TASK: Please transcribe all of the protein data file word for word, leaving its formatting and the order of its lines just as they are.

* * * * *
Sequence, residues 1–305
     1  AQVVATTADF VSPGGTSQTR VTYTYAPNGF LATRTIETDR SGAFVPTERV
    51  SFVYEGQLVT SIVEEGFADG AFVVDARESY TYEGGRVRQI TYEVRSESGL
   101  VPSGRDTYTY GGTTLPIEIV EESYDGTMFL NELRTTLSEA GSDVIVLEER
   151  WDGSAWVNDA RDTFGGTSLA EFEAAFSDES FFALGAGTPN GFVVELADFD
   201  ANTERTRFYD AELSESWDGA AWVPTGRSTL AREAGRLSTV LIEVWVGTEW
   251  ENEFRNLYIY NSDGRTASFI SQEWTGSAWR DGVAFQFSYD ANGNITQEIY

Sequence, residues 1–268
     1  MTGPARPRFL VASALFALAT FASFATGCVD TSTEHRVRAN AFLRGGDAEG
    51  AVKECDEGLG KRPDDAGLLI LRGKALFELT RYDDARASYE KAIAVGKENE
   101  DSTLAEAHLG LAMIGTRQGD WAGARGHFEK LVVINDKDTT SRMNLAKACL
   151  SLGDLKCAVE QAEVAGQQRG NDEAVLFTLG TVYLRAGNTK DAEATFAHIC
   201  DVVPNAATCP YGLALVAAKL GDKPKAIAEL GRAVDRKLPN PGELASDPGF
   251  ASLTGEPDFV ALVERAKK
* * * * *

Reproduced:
Sequence, residues 1–305
     1  AQVVATTADF VSPGGTSQTR VTYTYAPNGF LATRTIETDR SGAFVPTERV
    51  SFVYEGQLVT SIVEEGFADG AFVVDARESY TYEGGRVRQI TYEVRSESGL
   101  VPSGRDTYTY GGTTLPIEIV EESYDGTMFL NELRTTLSEA GSDVIVLEER
   151  WDGSAWVNDA RDTFGGTSLA EFEAAFSDES FFALGAGTPN GFVVELADFD
   201  ANTERTRFYD AELSESWDGA AWVPTGRSTL AREAGRLSTV LIEVWVGTEW
   251  ENEFRNLYIY NSDGRTASFI SQEWTGSAWR DGVAFQFSYD ANGNITQEIY

Sequence, residues 1–268
     1  MTGPARPRFL VASALFALAT FASFATGCVD TSTEHRVRAN AFLRGGDAEG
    51  AVKECDEGLG KRPDDAGLLI LRGKALFELT RYDDARASYE KAIAVGKENE
   101  DSTLAEAHLG LAMIGTRQGD WAGARGHFEK LVVINDKDTT SRMNLAKACL
   151  SLGDLKCAVE QAEVAGQQRG NDEAVLFTLG TVYLRAGNTK DAEATFAHIC
   201  DVVPNAATCP YGLALVAAKL GDKPKAIAEL GRAVDRKLPN PGELASDPGF
   251  ASLTGEPDFV ALVERAKK